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Structural development accounting

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  • Gino Gancia
  • Andreas Müller
  • Fabrizio Zilibotti

Abstract

We construct and estimate a unifi ed model combining three of the main sources of cross-country income disparities: differences in factor endowments, barriers to technology adoption and the inappropriateness of frontier technologies to local conditions. The key components are different types of workers, distortions to capital accumulation, directed technical change, costly adoption and spillovers from the world technology frontier. Despite its parsimonious parametrization, our empirical model provides a good fi t of GDP data for up to 86 countries in 1970 and 122 countries in 2000. Removing barriers to technology adoption would increase the output per worker of the average non-OECD country relative to the US from 0.19 to 0.61, while increasing skill premia in all countries. Removing barriers to trade in goods amplifi es income disparities, induces skill-biased technology adoption and increases skill premia in the majority of countries. These results are reverted if trade liberalization is coupled with international IPR protection.

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Bibliographic Info

Paper provided by Department of Economics - University of Zurich in its series ECON - Working Papers with number 010.

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Date of creation: Mar 2011
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Handle: RePEc:zur:econwp:010

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Keywords: Directed technology adoption; development accounting; distance to frontier; inappropriate technologies; skill-biased technical change; productivity; TFP differences;

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References

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  1. Ventura, Jaume, 2005. "Global View of Economic Growth," CEPR Discussion Papers 5059, C.E.P.R. Discussion Papers.
  2. David H. Autor & Lawrence F. Katz & Melissa S. Kearney, 2008. "Trends in U.S. Wage Inequality: Revising the Revisionists," The Review of Economics and Statistics, MIT Press, vol. 90(2), pages 300-323, May.
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  8. Daron Acemoglu & Gino Gancia & Fabrizio Zilibotti, 2010. "Competing Engines of Growth: Innovation and Standardization," NBER Working Papers 15958, National Bureau of Economic Research, Inc.
  9. Susanto Basu & David N. Weil, 1996. "Appropriate Technology and Growth," NBER Working Papers 5865, National Bureau of Economic Research, Inc.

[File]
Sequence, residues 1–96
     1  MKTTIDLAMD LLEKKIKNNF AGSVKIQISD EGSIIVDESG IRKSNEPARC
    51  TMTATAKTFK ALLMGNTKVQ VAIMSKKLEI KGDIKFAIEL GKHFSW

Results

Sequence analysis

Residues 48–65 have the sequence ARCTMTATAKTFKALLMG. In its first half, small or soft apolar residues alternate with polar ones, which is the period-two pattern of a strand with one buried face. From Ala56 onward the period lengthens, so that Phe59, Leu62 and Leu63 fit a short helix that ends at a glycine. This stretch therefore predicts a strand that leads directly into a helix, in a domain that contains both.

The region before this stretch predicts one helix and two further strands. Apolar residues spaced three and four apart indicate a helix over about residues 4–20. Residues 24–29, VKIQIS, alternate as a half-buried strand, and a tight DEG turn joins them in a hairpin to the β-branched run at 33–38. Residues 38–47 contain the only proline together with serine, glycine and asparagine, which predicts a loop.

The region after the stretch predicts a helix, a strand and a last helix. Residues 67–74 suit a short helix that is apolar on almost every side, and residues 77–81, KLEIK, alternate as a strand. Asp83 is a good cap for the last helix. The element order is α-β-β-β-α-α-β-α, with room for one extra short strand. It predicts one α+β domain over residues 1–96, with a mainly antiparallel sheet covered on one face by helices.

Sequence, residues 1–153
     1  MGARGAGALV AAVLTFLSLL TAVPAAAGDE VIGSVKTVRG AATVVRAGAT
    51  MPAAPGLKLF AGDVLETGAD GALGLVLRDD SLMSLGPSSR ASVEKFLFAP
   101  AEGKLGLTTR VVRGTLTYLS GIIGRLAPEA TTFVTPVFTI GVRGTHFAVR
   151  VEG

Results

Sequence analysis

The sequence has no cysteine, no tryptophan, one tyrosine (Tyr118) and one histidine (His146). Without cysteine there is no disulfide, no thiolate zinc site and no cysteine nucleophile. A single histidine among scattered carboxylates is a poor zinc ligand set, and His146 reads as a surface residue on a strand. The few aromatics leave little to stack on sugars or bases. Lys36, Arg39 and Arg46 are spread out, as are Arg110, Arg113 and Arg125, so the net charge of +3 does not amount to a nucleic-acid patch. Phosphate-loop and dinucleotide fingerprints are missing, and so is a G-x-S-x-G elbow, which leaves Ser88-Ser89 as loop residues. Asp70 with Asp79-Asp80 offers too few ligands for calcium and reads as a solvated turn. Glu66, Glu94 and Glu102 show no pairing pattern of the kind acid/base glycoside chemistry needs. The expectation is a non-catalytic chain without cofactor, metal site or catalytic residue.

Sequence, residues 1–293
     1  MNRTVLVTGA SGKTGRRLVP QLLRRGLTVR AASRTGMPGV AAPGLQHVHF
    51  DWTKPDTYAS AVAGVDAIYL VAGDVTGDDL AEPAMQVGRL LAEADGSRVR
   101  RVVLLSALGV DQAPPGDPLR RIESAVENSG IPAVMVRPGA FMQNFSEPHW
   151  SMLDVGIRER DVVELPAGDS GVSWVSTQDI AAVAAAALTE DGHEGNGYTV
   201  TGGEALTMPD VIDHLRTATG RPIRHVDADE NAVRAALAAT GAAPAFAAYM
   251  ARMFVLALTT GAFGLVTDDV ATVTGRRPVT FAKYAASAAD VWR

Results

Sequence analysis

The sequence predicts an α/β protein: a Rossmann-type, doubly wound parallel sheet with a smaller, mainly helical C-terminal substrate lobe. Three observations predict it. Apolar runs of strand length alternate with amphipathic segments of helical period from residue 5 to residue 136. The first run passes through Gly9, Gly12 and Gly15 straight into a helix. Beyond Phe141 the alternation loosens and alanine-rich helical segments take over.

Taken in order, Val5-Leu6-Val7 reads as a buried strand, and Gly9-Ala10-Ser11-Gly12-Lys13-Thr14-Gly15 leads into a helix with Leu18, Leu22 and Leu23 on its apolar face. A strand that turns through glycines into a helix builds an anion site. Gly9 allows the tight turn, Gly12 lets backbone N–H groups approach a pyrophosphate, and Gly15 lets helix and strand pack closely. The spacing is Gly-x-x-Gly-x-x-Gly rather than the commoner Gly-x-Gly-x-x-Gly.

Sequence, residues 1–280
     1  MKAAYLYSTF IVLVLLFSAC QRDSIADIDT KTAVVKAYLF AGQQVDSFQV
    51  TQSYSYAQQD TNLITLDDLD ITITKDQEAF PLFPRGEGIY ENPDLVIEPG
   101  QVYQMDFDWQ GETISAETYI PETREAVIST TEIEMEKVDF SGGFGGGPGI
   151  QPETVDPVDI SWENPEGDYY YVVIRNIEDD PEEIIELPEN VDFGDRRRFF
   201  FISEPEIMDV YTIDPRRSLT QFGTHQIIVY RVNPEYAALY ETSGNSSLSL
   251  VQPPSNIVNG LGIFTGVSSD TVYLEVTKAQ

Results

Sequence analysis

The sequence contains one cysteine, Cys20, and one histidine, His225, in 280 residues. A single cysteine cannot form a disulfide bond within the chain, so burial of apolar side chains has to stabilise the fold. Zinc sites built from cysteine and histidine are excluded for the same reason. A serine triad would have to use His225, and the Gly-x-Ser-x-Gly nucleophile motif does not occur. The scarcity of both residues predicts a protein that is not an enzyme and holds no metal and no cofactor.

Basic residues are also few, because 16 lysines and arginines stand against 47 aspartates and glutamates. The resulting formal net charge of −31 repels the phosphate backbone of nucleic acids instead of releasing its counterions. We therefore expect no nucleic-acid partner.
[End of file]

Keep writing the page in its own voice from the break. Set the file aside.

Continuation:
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  14. Barro, Robert J & Lee, Jong-Wha, 2001. "International Data on Educational Attainment: Updates and Implications," Oxford Economic Papers, Oxford University Press, vol. 53(3), pages 541-63, July.
  15. Gancia, Gino & Bonfiglioli, Alessandra, 2008. "North-South trade and directed technical change," Journal of International Economics, Elsevier, vol. 76(2), pages 276-295, December.
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  18. Diego Comin & William Easterly & Erick Gong, 2006. "Was the Wealth of Nations Determined in 1000 B.C.?," NBER Working Papers 12657, National Bureau of Economic Research, Inc.
  19. Gino Gancia & Fabrizio Zilibotti, 2009. "Technological Change and the Wealth of Nations," Annual Review of Economics, Annual Reviews, vol. 1(1), pages 93-120, 05.
  20. Arvind Subramanian & Devesh Roy, 2001. "Who Can Explain the Mauritian Miracle," IMF Working Papers 01/116, International Monetary Fund.
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Citations

Blog mentions

As found by EconAcademics.org, the blog aggregator for Economics research:
  1. Towards better growth accounting
    by Economic Logician in Economic Logic on 2011-01-18 14:23:00
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Cited by:
  1. Gino Gancia & Fabrizio Zilibotti & Daron Acemoglu, 2012. "Offshoring and Directed Technical Change," 2012 Meeting Papers 688, Society for Economic Dynamics.
  2. Harald Fadinger & Karin Mayr, 2012. "Skill-biased technological change, unemployment and brain drain," FIW Working Paper series 089, FIW.
  3. Ariel Burstein & Javier Cravino & Jonathan Vogel, 2013. "Importing Skill-Biased Technology," American Economic Journal: Macroeconomics, American Economic Association, vol. 5(2), pages 32-71, April.
  4. German Cubas & B. Ravikumar & Gustavo Ventura, 2013. "Talent, labor quality, and economic development," Working Papers 2013-027, Federal Reserve Bank of St. Louis.
  5. Daron Acemoglu & Gino Gancia & Fabrizio Zilibotti, 2010. "Competing engines of growth: innovation and standardization," IEW - Working Papers 483, Institute for Empirical Research in Economics - University of Zurich.
  6. Gino Gancia, 2012. "Globalization, technology and inequality," Economics Working Papers 1363, Department of Economics and Business, Universitat Pompeu Fabra, revised Nov 2012.

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